I was in turn moved, saddened, and strengthened. One woman chose to sing her story, taking the mic and belting it out with true feeling that I’m certain reverberated in each of our beings.
The audience punctuated the end of every reading with resounding applause and the women returned to their seats with sounds of “good job!” “well done!” “way to go!” echoing in their ears.
At the conclusion of the stories, the women lined up to receive their certificates. Every one of the women had completed all sixteen-weeks worth of classes, along with extensive coursework after hours.
That coursework included the very difficult task of self reflection, digging up painful past experiences, examining them, and acknowledging them while not letting them define the course of what happens next.
To graduate was truly an achievement, and the pride showed in their eyes as they returned to their seats with their certificates in hand.
At the end of the graduation, the respectful witnesses are invited to share how the women’s stories have affected them. We circle up, and one volunteer stands in the middle of the circle at a time and talks into the mic.
We took turns talking about how touched and humbled we felt by the women’s stories and commended them on the bravery required to share such deeply personal emotions and experiences.
Once it was our turn to be on the mic, we experienced some of the same jitters and butterflies the women had had to overcome as part of their graduation ceremony.
It takes guts to speak to a crowd of strangers. If, as volunteers, we didn’t fully realize it while the women were performing, we were made aware of it while we ourselves were the focus of so many eyes.
What they gave to me.
The graduation ceremony is for women who have made a commitment to complete a course that’s not only difficult, but darn near impossible. They’re asked to be open fully with one another, to expose their deepest fears, lowest moments, greatest hopes…all in an environment that’s constantly telling them to let no one in, to keep their heads down and their guard up.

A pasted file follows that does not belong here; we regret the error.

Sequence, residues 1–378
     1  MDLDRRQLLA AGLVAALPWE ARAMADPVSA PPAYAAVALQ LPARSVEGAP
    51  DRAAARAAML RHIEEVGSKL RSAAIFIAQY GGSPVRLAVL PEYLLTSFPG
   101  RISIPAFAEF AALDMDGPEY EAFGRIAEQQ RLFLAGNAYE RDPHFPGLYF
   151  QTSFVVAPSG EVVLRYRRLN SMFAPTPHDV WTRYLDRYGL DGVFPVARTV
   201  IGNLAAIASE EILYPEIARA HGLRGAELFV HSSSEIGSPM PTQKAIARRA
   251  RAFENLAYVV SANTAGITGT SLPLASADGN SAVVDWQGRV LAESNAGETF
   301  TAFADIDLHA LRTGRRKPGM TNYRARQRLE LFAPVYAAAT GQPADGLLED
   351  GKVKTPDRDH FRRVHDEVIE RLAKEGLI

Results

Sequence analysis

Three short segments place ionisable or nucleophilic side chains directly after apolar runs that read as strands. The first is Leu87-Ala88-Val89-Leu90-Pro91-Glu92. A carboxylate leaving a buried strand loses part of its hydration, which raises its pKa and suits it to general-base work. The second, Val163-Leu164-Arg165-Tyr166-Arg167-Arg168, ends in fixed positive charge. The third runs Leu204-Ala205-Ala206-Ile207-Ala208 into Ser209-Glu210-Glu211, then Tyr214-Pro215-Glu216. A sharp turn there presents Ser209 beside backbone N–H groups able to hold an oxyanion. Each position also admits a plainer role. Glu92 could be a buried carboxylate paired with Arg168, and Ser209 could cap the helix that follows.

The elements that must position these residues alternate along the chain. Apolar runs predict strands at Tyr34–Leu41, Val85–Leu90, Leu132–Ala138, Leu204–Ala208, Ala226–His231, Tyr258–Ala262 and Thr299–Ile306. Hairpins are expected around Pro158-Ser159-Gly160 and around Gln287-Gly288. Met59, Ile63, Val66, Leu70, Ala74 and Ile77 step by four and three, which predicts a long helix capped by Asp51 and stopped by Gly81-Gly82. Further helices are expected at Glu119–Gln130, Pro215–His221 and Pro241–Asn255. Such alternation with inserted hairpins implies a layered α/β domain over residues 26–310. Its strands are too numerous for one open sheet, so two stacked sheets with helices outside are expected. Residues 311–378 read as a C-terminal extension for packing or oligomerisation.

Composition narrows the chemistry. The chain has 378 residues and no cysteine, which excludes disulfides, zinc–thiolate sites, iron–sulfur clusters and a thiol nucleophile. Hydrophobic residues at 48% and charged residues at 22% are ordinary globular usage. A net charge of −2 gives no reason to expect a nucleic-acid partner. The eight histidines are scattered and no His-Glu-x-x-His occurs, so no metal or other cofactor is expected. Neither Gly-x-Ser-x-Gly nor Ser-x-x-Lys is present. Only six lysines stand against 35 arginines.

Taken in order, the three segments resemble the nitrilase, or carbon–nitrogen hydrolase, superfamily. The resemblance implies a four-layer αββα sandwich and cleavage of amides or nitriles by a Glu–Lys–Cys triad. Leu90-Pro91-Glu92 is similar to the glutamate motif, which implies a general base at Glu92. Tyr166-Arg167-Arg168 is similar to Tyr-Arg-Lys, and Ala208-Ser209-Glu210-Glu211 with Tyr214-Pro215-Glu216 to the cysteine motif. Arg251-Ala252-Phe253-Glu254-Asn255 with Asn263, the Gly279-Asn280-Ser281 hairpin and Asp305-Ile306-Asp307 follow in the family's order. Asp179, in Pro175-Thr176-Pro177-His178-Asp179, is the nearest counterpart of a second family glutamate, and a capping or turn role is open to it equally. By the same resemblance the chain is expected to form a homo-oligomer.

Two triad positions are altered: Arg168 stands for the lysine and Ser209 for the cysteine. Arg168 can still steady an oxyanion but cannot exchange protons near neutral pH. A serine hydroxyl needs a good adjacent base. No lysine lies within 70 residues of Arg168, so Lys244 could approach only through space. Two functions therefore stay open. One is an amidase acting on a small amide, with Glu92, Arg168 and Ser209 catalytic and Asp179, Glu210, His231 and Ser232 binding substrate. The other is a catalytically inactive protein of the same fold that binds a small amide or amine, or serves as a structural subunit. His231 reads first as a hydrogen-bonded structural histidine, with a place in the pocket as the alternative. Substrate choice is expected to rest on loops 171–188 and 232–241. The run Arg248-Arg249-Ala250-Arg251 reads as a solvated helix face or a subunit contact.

As a respectful witness, my job was just to listen to the product of their journeys and demonstrate my support of their efforts to become the greatest version of themselves. But in doing only that, I gained so much that I feel guilty it may not have been a fully even trade.
Meeting these women and hearing their stories gave me a deep appreciation for everything I take for granted. We’ve all made mistakes. We are imperfect people. The difference between their mistakes and my mistakes is that mine have not yet taken away my freedom.
On the drive back, I thought about how nice it was that I could drive from Lockhart to Austin, listening to whatever I chose, and arrive at my apartment, and take a bath or read a book or do laundry or do all three without asking anyone’s permission. And all of those ordinary things became extraordinary to me.
I was both humbled and inspired by the women who graduated. Humbled by their bravery, and inspired to dig deep into my own story and come out more whole on the other side.
Interested in being a respectful witness?
If you would like to attend a Truth Be Told graduation as a respectful witness, please contact Carol Waid at email@example.com.